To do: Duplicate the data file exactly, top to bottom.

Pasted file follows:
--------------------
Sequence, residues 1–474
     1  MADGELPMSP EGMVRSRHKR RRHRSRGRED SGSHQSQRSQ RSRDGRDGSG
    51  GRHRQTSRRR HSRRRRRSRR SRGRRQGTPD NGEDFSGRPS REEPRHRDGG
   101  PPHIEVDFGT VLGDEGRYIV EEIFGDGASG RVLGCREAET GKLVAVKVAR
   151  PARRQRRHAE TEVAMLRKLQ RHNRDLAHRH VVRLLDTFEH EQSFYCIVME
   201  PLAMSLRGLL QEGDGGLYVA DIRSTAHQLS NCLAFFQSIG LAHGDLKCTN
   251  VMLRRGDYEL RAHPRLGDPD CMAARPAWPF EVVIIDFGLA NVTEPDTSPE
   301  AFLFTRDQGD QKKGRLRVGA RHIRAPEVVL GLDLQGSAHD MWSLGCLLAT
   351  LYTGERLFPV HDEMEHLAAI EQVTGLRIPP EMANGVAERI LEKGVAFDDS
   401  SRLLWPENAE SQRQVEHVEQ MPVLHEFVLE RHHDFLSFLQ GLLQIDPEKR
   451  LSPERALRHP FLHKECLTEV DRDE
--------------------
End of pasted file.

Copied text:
Sequence, residues 1–474
     1  MADGELPMSP EGMVRSRHKR RRHRSRGRED SGSHQSQRSQ RSRDGRDGSG
    51  GRHRQTSRRR HSRRRRRSRR SRGRRQGTPD NGEDFSGRPS REEPRHRDGG
   101  PPHIEVDFGT VLGDEGRYIV EEIFGDGASG RVLGCREAET GKLVAVKVAR
   151  PARRQRRHAE TEVAMLRKLQ RHNRDLAHRH VVRLLDTFEH EQSFYCIVME
   201  PLAMSLRGLL QEGDGGLYVA DIRSTAHQLS NCLAFFQSIG LAHGDLKCTN
   251  VMLRRGDYEL RAHPRLGDPD CMAARPAWPF EVVIIDFGLA NVTEPDTSPE
   301  AFLFTRDQGD QKKGRLRVGA RHIRAPEVVL GLDLQGSAHD MWSLGCLLAT
   351  LYTGERLFPV HDEMEHLAAI EQVTGLRIPP EMANGVAERI LEKGVAFDDS
   401  SRLLWPENAE SQRQVEHVEQ MPVLHEFVLE RHHDFLSFLQ GLLQIDPEKR
   451  LSPERALRHP FLHKECLTEV DRDE